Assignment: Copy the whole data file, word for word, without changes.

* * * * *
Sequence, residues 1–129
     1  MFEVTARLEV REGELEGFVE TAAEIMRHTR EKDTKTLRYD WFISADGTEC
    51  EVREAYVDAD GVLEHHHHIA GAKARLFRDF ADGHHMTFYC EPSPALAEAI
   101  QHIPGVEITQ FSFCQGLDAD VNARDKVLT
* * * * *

Sequence, residues 1–129
     1  MFEVTARLEV REGELEGFVE TAAEIMRHTR EKDTKTLRYD WFISADGTEC
    51  EVREAYVDAD GVLEHHHHIA GAKARLFRDF ADGHHMTFYC EPSPALAEAI
   101  QHIPGVEITQ FSFCQGLDAD VNARDKVLT